Purpose: Preliminary data suggest that remdesivir may influence the course of COVID-19 according to the duration of pre-admission symptoms. We aim to evaluate whether early use of remdesivir is associated with a reduced COVID-19 progression in a homogeneous cohort of patients with mild to moderate COVID-19. Methods: This prospective, observational study included patients with COVID-19 pneumonia treated with remdesivir at the University Hospital of Pisa (Italy) from September 2020 to January 2021. According to national recommendations, remdesivir was prescribed in patients with pneumonia who required oxygen supplementation by nasal cannula or mask but without the need for high-flow nasal cannula, non-invasive or invasive mechanical ventilation and had symptoms from no more than 10 days. Patients who received early (≤5 days from onset of symptoms) versus late (>5 days from onset of symptoms) remdesivir were compared. The primary outcome was a composite of high-flow nasal cannula, non-invasive or invasive mechanical ventilation, or death. A multivariate logistic regression analysis was performed to identify factors independently associated with the composite endpoint. Findings: Among 312 consecutive patients with COVID-19 pneumonia who received remdesivir, 90 (28.8%) received early remdesivir, whereas 222 (71.2%) received late remdesivir. Twenty-nine patients (32.2%) in the early-remdesivir group versus 104 patients (46.8%) in the late-remdesivir group met the primary end point (P = 0.018). On multivariate analysis, a history of dyspnea at home (odds ratio = 2.53; 95% CI, 1.55–4.12; P < 0.001) was the strongest factor independently associated with the progression to severe COVID-19, whereas early-remdesivir use was a protective factor (odds ratio = 0.49; 95% CI, 0.27–0.87; P = 0.015). The delayed admission to the hospital was associated with a delayed administration of remdesivir. Implications: The early use of remdesivir (<5 days from symptoms onset) may reduce COVID-19 progression. The identification of patients who need early hospitalization and early remdesivir may provide clinical benefit in patients with COVID-19.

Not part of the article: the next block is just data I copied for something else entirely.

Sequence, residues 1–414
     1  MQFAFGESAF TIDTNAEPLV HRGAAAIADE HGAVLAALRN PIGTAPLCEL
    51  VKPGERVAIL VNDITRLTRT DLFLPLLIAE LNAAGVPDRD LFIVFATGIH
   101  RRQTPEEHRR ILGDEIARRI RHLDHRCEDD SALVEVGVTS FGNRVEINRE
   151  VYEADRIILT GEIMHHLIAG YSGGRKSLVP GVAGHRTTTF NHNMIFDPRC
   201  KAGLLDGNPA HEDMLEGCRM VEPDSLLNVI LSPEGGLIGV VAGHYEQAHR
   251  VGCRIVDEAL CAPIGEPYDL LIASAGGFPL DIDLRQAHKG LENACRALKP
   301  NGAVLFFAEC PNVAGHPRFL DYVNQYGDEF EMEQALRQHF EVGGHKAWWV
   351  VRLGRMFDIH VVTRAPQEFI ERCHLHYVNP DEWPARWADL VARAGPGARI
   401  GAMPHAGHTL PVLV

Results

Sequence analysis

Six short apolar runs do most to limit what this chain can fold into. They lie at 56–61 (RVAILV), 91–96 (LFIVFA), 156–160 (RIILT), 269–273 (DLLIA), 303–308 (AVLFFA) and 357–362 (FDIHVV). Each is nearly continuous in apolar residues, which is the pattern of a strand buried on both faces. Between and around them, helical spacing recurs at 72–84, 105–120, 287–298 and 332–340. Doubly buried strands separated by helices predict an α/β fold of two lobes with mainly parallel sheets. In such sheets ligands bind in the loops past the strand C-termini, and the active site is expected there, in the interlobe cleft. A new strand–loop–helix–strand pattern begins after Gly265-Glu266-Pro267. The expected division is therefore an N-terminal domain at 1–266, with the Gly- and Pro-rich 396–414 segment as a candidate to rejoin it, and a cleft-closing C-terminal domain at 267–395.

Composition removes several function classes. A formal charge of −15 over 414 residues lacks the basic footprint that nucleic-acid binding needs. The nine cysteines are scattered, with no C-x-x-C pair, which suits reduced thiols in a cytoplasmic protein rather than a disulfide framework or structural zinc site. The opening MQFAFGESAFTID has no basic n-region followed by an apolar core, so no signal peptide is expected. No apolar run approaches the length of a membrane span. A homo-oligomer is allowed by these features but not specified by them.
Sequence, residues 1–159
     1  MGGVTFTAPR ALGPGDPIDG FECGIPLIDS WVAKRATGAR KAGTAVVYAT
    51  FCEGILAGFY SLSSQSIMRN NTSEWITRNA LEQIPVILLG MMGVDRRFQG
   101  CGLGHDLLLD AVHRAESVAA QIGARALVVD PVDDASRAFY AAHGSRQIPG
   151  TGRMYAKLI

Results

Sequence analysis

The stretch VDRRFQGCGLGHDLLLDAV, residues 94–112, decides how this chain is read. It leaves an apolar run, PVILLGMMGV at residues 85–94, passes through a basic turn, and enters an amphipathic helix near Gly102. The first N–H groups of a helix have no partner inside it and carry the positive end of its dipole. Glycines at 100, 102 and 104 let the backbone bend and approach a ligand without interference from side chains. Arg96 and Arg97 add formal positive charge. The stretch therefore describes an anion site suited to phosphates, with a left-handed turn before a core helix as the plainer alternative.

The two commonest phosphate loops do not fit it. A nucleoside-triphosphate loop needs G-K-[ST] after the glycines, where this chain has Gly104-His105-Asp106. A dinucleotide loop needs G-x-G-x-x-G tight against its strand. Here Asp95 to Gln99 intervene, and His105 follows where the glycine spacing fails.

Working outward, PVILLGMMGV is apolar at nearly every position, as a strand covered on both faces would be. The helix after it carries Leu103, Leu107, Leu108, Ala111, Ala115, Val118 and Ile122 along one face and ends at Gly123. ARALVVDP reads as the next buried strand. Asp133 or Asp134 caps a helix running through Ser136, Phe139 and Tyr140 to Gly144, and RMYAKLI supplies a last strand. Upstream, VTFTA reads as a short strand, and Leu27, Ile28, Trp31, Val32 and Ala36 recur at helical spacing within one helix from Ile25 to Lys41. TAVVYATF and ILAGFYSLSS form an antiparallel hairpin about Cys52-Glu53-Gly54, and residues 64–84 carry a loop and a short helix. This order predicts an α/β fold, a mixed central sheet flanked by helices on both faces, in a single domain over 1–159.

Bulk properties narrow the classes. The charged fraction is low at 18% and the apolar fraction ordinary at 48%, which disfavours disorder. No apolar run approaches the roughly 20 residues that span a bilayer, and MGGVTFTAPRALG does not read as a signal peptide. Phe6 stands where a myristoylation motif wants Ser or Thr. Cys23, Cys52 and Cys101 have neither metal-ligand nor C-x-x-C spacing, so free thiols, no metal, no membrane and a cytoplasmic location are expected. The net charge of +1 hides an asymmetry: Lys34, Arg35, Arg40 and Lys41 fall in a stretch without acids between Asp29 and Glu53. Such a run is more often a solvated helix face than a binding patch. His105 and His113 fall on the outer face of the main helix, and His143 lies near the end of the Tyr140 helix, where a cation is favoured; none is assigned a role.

Early Use of Remdesivir and Risk of Disease Progression in Hospitalized Patients With Mild to Moderate COVID-19

Falcone M.;Tiseo G.;Galfo V.;Tempini S.;Okoye C.;Monzani F.;Menichetti F.
2022

Abstract

Purpose: Preliminary data suggest that remdesivir may influence the course of COVID-19 according to the duration of pre-admission symptoms. We aim to evaluate whether early use of remdesivir is associated with a reduced COVID-19 progression in a homogeneous cohort of patients with mild to moderate COVID-19. Methods: This prospective, observational study included patients with COVID-19 pneumonia treated with remdesivir at the University Hospital of Pisa (Italy) from September 2020 to January 2021. According to national recommendations, remdesivir was prescribed in patients with pneumonia who required oxygen supplementation by nasal cannula or mask but without the need for high-flow nasal cannula, non-invasive or invasive mechanical ventilation and had symptoms from no more than 10 days. Patients who received early (≤5 days from onset of symptoms) versus late (>5 days from onset of symptoms) remdesivir were compared. The primary outcome was a composite of high-flow nasal cannula, non-invasive or invasive mechanical ventilation, or death. A multivariate logistic regression analysis was performed to identify factors independently associated with the composite endpoint. Findings: Among 312 consecutive patients with COVID-19 pneumonia who received remdesivir, 90 (28.8%) received early remdesivir, whereas 222 (71.2%) received late remdesivir. Twenty-nine patients (32.2%) in the early-remdesivir group versus 104 patients (46.8%) in the late-remdesivir group met the primary end point (P = 0.018). On multivariate analysis, a history of dyspnea at home (odds ratio = 2.53; 95% CI, 1.55–4.12; P < 0.001) was the strongest factor independently associated with the progression to severe COVID-19, whereas early-remdesivir use was a protective factor (odds ratio = 0.49; 95% CI, 0.27–0.87; P = 0.015). The delayed admission to the hospital was associated with a delayed administration of remdesivir. Implications: The early use of remdesivir (<5 days from symptoms onset) may reduce COVID-19 progression. The identification of patients who need early hospitalization and early remdesivir may provide clinical benefit in patients with COVID-19.
Falcone, M.; Suardi, L. R.; Tiseo, G.; Barbieri, C.; Giusti, L.; Galfo, V.; Forniti, A.; Caroselli, C.; Della Sala, L.; Tempini, S.; Okoye, C.; Monzani, F.; Menichetti, F.
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Utilizza questo identificativo per citare o creare un link a questo documento: http://hdl.handle.net/11568/1142103
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